If You Want to Find Blue

Slice of Life2

I am participating in the March Slice of Life Story Challenge. Thanks to the co-authors of              Two Writing Teachers for creating this  supportive community.

My anticipation grew as I walked from the parking lot, up the stairs, and into the east conservatory at Longwood Gardens yesterday. I opened the door and there it was – that incredible perfume – from hundreds and hundreds of orchids.



As I made my way to the children’s garden to begin my shift, I began to notice the colors – the whites and yellows and purples and reds –  giving way to blue. And then I remembered that this was a transition week. The winter blues festival starts this weekend, so flowers boasting every conceivable shade of blue were being planted for display. I noticed primrose, blue coleus, hydrangea, pansies, and a spikey new-to-me plant called Pride of Madeira. Since I had some time I was able to scout out the rare and fleeting Blue Poppies. These beauties are native to the high elevations of the Himalayan Mountains, but at Longwood they are magically cultivated for a short time, about two weeks, in the conservatory in early spring.



I was reminded of the book by Eileen Spinelli If You Want to Find Golden, except in this case I would have to say “If You Want to Find Blue.”

If you want to find blue

Look for it in the hydrangeas and coleus

Lining the path of the garden walk.

If you want to find blue

Let the giant blue poppies

Transport you to the tops of the Himalayas.

If you want to find blue

Come to Longwood Gardens

And enjoy the Winter Blues Festival.

This entry was posted in Slices. Bookmark the permalink.

9 Responses to If You Want to Find Blue

  1. As soon as I read Longwood Gardens, I instantly recalled my handful of visits there! What a place! And I love how it inspired your poem, today!! Lucky you to work shifts there!!

    Liked by 1 person

  2. lynnedorfman says:

    I am there, Rosie! Your piece today makes me yearn for Longwood Gardens. I think Ralph and I will make time for a walk this Sunday to see the “winter blues.” It has been a long time since I used Eileen Spinelli’s mentor text to write some color poems. Maybe I will try to write one during Slice. Thanks for writing that helped me to imagine the sights and smells of a magical place.I love this line: “Let the giant blue poppies transport you to the tops of the Himalayas.”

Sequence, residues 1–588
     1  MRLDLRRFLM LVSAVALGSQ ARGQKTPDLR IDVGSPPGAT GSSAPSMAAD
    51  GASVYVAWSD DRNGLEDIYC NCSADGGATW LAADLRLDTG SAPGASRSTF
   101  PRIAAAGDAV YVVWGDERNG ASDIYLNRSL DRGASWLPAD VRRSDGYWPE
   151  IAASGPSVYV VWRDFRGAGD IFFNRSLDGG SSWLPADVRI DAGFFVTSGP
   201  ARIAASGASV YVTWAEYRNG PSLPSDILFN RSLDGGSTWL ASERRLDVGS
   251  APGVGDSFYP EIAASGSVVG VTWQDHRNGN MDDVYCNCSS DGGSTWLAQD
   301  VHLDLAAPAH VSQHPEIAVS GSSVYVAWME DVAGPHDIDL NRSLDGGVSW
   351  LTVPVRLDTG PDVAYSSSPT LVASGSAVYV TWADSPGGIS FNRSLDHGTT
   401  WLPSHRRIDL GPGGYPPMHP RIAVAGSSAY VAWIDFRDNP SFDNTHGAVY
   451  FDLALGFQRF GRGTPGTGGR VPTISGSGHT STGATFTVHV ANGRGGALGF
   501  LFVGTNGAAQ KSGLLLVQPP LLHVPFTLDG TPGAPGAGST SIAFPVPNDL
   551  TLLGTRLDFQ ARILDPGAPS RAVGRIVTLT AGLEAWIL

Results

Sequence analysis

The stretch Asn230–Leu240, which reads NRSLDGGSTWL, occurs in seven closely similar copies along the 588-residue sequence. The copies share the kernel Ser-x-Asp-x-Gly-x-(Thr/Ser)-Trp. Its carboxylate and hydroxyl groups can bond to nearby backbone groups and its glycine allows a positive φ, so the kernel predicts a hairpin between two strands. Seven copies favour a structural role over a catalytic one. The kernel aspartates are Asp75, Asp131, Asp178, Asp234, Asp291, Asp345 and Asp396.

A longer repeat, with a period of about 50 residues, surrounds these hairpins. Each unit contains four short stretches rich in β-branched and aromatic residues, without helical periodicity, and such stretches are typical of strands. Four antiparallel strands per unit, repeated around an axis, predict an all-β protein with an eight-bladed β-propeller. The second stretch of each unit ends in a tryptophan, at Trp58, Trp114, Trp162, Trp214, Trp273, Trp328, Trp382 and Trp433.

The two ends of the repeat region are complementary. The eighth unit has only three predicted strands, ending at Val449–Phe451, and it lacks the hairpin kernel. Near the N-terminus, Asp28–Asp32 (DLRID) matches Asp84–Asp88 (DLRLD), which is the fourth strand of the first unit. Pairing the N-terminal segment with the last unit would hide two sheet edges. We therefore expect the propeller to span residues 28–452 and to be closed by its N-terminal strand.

Liked by 1 person

  3. True blue is surprisingly rare in flowers! Thanks for a lovely piece and images that I find very welcome on this drab day. I’ll take away the pleasure of noticing color.

    Liked by 1 person

  4. Good gosh, the photos and the poem are beautiful!

    I told Isabelle you volunteer at the garden and that we’re going to take a trip to visit this summer. She can’t even imagine how amazing it’s going to be.

    Liked by 1 person

  5. Clare Landrigan says:

    I so want to visit these gardens… your posts about it are always magical! Love the photos and the poem. I have to keep reminding myself that slicing poetry is an option. It is not my go-to structure. Always a goal for me!

    Liked by 1 person

  6. elsie says:

    Beautiful photos and poem! I marvel when I find blue flowers, they seem magical.

    Liked by 1 person

  7. arjeha says:

    We were hoping to get to Longwood Gardens to see the orchids this year. We really enjoyed the trip last year. I know there is still some time so hopefully we might still get to see the orchids.

    Liked by 1 person

  8. I was drawn to read because I love to find blue- it’s my favorite color. Glad it was about blue flowers… love the poem!

    Liked by 1 person

Leave a Reply

Fill in your details below or click an icon to log in:

WordPress.com Logo

You are commenting using your WordPress.com account. Log Out /  Change )

Google photo

You are commenting using your Google account. Log Out /  Change )

Twitter picture

You are commenting using your Twitter account. Log Out /  Change )

Facebook photo

You are commenting using your Facebook account. Log Out /  Change )

Connecting to %s